NPPA Calls on Photographers Disqualified from WPP to Share Their ‘Shopped Photos


The world of photojournalism took a hit earlier this month when it was revealed that 20% of the finalists in the prestigious World Press Photo competition had been disqualified due to unethical edits. The National Press Photographers Association released a statement this past weekend calling for the disqualified photographers to share the edits that eliminated them from competition.


The disqualified photographers were informed in a confidential email by WPP that their images had been deemed ineligible. As a result of this confidentiality, the WPP isn’t giving examples of the edits that crossed the line.

Thus, NPPA is now calling for the photographers themselves to help provide concrete facts by sharing both their original files and their processed submissions.

Absent the ability to view actual examples of disqualified work, we are left with speculation and hypothetical examples and this is not the stuff from which good journalism springs. We need concrete facts from which to discuss and draw conclusions […]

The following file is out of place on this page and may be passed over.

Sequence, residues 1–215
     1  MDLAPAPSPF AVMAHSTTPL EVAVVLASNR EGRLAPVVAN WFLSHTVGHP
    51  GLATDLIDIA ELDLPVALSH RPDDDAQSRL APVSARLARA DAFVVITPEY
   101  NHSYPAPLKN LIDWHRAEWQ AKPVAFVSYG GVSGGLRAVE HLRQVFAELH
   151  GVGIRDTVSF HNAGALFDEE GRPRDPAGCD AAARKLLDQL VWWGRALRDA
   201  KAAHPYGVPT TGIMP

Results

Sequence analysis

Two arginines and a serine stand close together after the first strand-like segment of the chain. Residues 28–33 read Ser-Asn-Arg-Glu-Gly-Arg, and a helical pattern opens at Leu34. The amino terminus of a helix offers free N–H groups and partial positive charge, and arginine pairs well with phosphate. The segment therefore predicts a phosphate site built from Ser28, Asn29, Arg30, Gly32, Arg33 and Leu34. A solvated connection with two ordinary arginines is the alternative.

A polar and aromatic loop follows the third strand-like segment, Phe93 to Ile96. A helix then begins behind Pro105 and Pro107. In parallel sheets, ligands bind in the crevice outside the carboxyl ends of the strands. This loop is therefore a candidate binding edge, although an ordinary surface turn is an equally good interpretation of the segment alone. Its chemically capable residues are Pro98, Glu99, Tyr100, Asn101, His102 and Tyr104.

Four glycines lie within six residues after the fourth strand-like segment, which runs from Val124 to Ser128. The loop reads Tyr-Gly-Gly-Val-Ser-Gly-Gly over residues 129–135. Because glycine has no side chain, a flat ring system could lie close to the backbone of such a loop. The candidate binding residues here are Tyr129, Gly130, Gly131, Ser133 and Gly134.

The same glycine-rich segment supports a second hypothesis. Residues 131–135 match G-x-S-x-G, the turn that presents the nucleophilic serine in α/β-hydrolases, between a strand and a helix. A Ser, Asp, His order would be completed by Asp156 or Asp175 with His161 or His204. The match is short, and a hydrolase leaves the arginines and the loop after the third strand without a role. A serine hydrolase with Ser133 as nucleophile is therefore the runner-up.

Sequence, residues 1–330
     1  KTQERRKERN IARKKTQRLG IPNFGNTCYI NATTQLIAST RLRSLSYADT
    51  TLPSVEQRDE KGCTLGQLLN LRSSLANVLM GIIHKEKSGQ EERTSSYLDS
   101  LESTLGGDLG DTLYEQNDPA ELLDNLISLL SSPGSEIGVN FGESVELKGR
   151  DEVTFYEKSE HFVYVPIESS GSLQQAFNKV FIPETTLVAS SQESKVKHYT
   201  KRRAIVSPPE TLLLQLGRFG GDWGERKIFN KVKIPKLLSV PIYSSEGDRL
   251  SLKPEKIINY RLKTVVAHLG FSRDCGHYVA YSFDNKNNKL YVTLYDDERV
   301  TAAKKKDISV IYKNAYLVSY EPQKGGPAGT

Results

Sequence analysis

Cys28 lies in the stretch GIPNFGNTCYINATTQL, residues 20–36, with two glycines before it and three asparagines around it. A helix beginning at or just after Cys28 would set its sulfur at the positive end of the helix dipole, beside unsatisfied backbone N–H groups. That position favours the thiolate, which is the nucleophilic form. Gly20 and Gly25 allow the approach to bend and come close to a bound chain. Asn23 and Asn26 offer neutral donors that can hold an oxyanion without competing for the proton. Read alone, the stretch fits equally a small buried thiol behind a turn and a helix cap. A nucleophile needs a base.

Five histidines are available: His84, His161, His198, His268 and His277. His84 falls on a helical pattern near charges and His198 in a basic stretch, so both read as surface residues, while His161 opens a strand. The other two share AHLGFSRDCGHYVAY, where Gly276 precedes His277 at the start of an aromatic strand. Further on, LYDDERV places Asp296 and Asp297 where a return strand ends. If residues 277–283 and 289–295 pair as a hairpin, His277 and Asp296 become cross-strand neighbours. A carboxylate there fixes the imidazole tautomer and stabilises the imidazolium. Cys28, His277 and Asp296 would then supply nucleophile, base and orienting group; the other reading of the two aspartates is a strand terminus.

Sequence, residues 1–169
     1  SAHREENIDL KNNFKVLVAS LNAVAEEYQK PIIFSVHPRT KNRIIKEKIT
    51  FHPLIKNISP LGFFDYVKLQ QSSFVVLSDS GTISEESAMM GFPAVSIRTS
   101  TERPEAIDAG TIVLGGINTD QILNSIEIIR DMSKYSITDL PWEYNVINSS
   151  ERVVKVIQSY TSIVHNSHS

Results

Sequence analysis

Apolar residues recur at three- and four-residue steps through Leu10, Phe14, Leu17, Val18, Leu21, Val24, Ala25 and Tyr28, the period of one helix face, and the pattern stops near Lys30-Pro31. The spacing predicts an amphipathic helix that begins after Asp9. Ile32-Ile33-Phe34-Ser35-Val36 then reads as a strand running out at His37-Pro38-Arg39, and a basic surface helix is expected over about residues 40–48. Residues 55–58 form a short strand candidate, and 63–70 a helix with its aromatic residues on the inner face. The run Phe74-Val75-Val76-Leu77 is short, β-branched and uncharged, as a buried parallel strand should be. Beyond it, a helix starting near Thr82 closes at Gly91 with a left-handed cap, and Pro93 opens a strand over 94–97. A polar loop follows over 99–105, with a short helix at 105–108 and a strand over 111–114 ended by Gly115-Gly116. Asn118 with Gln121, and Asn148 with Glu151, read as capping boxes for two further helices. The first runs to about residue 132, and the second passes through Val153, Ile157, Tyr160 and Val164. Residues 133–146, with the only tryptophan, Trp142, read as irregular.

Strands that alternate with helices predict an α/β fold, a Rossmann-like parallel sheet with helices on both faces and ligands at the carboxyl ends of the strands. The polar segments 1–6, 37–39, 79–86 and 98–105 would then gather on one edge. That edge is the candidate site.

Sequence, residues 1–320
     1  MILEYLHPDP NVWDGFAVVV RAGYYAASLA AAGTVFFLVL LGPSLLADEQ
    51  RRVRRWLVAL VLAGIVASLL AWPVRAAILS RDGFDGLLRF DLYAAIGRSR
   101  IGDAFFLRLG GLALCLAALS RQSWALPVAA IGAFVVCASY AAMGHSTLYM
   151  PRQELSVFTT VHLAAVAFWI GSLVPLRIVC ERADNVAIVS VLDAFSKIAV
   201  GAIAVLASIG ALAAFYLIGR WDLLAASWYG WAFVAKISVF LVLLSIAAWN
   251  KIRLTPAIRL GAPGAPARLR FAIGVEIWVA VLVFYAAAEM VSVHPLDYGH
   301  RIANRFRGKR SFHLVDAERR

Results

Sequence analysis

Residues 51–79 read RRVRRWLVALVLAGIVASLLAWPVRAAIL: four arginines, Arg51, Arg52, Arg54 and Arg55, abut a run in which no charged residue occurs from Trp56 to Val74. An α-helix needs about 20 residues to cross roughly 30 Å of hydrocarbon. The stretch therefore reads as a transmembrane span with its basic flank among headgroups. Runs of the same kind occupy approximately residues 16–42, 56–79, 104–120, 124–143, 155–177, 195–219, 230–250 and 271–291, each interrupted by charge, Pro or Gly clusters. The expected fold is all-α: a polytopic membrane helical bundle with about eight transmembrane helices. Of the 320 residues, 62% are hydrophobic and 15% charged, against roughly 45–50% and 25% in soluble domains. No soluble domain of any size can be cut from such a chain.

The NPPA Ethics Committee does not believe in conducting a “witch hunt” but we also do not believe that it is in the best interests of any involved in the profession, or in the outside perception of the profession, for matters to remain unresolved.

This is why the NPPA Ethics Committee strongly encourages those involved to release their images and either stand by their work or admit their transgression, and offer explanation and engage in the dialog about what the standards are and/or should be.

WPP director Lars Boering tells NPPA that most of the disqualified photos had things added or removed from the image through “clumsy Photoshop.” The jury also considered extreme toning to be removal of information: “[I]f you make a photo so black that you lose information, and you don’t see anything anymore, that is a line crossed,” Boering says.

The two organizations are planning to partner together to host a symposium later this year to discuss and explore the issue of ethics in photojournalism.

Image credits: Header photograph by Mackenzie Greer